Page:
Ohio has become the largest state to mandate personal finance education

Governor Mike DeWine, Republican of Ohio, during the 2018 election campaign. DeWine just signed off on mandatory personal finance education for high school students into state law.

Kirk Irwin | Getty Images News | Getty Images

Ohio Governor Mike DeWine HCharged A bill would require all high school students in the state to take half credit, a self-contained personal finance course before graduation.

With this measure signed on October 28 by its Republican governor, Ohio is now the 10th state in the United States to require in-person financial education at the high school level. To date, it is also the largest, with legislation covering more than 600 school districts in Buckeye State.

“I’ve been a banker for 41 years and have seen the consequences of not teaching our kids financial literacy,” said Ohio Senator Steve Wilson, chair of the Ohio Financial Institutions and Technology Commission and the bill’s primary sponsor. “I wanted to do something about it.”

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Ohio Personal Finance

In the past two years, five states — Ohio, Mississippi, North Carolina, Nebraska, and Rhode Island — have passed legislation requiring students to take an entire semester in a high school personal finance course, doubling the total number of states with such a mandate.

Such a course is considered the gold standard by Next Gen Personal Finance, a national financial literacy organization. The Ohio bill will take effect in the 2024-25 school year and cover personal finance topics from basic budgeting to opening a bank account, managing student loan debt, and more.

said Brian Page, Senior Director of Partnerships and Advocacy at Next Gen Personal Finance who was previously an instructor at Reading High School in Reading, Ohio.

He added that high school students now need a personal finance education, with many of them already making decisions about money that will affect their future.

The Ohio bill also allows teachers who are not currently licensed to teach a class to obtain special certification for teaching a personal finance course. This will be paid for by the school district and reimbursed through the Financial Literacy Fund, which was created through legislation with money from local businesses such as banks and credit unions.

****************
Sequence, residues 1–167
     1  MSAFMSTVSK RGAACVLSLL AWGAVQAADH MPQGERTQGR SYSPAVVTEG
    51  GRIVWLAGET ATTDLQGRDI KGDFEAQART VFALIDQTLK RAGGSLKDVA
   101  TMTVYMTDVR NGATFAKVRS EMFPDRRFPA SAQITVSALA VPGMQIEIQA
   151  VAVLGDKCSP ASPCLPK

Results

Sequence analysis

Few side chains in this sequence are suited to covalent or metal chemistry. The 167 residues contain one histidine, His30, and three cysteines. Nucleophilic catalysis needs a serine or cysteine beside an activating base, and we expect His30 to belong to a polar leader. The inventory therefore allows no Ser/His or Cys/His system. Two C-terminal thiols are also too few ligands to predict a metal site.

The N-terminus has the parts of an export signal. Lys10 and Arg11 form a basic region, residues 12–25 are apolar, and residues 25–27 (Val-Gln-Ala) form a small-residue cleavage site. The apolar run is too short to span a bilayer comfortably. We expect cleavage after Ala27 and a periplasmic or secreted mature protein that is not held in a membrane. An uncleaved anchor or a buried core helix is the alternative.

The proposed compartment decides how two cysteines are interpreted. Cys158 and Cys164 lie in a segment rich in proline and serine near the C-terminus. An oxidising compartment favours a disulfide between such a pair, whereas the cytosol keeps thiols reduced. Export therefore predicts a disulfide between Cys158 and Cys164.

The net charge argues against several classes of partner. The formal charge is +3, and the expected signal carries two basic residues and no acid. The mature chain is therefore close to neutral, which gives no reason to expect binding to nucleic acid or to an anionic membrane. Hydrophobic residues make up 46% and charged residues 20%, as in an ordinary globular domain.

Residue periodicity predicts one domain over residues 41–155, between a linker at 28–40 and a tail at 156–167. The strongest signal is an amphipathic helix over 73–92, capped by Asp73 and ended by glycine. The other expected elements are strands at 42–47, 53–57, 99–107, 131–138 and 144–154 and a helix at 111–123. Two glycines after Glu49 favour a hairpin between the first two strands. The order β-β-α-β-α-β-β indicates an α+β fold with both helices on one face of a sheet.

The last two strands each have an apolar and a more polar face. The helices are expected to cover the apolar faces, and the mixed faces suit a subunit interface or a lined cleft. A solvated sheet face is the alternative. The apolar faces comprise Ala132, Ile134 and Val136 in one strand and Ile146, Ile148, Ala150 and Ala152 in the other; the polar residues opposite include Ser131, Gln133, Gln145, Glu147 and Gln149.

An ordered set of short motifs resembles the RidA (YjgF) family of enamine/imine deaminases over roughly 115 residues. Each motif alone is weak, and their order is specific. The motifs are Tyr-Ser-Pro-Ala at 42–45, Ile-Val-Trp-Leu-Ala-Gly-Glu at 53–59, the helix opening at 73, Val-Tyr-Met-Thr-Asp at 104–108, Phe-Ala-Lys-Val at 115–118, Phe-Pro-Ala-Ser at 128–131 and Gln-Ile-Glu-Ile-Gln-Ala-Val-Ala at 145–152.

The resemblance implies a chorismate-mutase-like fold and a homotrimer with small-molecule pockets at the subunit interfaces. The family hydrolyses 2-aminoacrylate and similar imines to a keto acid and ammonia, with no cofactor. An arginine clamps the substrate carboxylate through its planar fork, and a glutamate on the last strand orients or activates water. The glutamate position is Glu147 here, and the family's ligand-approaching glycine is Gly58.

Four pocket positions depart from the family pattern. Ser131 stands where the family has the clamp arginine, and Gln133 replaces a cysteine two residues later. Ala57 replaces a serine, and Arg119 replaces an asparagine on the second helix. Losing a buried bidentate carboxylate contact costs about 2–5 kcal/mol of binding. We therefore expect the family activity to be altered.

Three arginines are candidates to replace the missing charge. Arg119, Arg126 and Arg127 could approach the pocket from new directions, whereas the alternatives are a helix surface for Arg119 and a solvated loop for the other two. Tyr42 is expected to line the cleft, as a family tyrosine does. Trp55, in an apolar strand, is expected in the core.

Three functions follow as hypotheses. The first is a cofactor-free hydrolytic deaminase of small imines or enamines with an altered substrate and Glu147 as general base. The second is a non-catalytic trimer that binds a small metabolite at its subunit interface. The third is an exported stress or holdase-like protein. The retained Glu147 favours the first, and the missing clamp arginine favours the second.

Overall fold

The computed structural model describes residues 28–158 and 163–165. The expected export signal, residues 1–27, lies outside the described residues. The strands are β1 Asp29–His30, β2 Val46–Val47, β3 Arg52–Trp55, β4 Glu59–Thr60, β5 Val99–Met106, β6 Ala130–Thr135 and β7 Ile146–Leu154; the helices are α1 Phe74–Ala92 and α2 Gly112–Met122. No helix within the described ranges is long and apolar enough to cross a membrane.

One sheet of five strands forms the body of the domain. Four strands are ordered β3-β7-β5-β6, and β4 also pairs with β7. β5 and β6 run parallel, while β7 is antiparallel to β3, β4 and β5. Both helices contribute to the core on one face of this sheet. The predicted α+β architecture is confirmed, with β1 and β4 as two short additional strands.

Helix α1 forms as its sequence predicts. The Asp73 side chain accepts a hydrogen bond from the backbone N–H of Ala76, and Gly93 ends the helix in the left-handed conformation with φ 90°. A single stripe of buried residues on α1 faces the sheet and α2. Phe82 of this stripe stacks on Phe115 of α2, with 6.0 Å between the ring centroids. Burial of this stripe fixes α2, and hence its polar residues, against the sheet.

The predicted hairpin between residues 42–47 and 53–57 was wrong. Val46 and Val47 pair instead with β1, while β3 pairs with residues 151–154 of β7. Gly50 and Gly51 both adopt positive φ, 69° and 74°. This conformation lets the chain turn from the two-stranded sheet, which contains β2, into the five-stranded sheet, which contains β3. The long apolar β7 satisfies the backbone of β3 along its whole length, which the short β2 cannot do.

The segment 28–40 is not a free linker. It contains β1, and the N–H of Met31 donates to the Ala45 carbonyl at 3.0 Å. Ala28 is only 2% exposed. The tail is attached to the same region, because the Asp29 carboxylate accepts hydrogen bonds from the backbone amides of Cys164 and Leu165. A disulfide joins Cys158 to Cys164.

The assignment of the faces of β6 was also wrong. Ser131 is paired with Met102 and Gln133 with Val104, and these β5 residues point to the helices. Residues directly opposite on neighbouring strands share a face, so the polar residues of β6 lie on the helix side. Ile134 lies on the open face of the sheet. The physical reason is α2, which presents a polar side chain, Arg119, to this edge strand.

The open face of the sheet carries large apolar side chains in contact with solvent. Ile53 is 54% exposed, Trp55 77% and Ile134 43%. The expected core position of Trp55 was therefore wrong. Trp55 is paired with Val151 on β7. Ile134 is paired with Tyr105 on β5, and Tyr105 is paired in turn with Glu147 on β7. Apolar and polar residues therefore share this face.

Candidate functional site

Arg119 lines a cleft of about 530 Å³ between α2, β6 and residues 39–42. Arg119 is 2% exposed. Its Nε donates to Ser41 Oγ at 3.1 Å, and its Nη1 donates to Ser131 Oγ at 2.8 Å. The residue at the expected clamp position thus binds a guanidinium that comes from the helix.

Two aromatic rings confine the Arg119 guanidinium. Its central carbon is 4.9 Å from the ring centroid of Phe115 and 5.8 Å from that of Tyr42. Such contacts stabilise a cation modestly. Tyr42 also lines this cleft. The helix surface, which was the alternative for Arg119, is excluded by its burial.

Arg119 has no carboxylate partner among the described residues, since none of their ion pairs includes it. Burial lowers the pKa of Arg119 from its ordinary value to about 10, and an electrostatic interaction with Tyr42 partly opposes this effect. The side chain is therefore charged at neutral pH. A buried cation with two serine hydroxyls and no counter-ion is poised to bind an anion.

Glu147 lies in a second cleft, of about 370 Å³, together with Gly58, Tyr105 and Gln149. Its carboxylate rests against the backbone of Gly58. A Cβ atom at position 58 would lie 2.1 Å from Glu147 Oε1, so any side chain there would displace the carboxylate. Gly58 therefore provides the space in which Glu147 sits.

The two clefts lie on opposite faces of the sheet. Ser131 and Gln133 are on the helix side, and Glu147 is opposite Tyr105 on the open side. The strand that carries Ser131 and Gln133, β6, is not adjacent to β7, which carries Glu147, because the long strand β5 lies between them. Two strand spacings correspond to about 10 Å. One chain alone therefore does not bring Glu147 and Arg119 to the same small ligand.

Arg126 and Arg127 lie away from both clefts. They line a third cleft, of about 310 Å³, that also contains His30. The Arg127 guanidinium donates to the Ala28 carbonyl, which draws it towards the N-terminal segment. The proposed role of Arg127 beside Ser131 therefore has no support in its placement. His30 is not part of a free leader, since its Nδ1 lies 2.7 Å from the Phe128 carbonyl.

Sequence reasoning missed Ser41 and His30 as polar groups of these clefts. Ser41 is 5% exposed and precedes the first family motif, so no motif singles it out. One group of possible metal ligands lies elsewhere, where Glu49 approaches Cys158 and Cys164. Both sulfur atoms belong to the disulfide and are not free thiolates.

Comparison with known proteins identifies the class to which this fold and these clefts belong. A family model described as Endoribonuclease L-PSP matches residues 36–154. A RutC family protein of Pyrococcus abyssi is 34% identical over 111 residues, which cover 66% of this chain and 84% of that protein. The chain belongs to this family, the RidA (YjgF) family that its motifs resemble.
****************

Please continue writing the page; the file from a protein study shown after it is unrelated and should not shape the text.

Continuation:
Including a financial literacy fund as part of the bill ensures that adding these courses won’t overburden teacher budgets, according to Wilson.

What do students say about delegation?

The students, who played a key role in persuading lawmakers to accept the bill, are pleased to see that personal finance education will be available to every child in Ohio from now on.

“The best part of the course was the enabling factor,” said Kristen Cain, now a sophomore at Ohio State University who studied personal finance in high school with Paige. She added that learning that she could invest, save and manage her money well at a young age was just as important as the hard skills covered in the course.

Kylie Schmidt, a sophomore at the University of Cincinnati who also took classes with Paige in high school, learned to save and invest for the future.

“There are a lot of things this law gives children, and I think security is one of the most important things,” she said.

Advice for other countries

The push for more state personal finance education states continues across the country. This year alone, 26 states and Washington, DC, introduced legislation around personal finance education in high schools, according to data from Next Gen Personal Finance.

For advocates in other states working on similar legislation, the group in Ohio has some advice.

The first is to find a legislator to support the bill, as Senator Wilson did in Ohio.

“We have had the pleasure of going through this process thanks to his leadership,” said Page of the Republican lawmaker.

Then, they must be prepared to contend with any opposition that is sure to come as they try to push the bill forward. This will require reframing the legislation and thinking outside the box.

“They had to get back to the drawing board and prepare to creatively solve problems over and over again,” said Yanelli Espinal, director of educational outreach at Next Gen Personal Finance.

Finally, people must be prepared to continue the path. The Ohio bill took about five years to pass.

“I will not give up,” Senator Wilson said. “It’s going to make an amazing difference in Ohio.”

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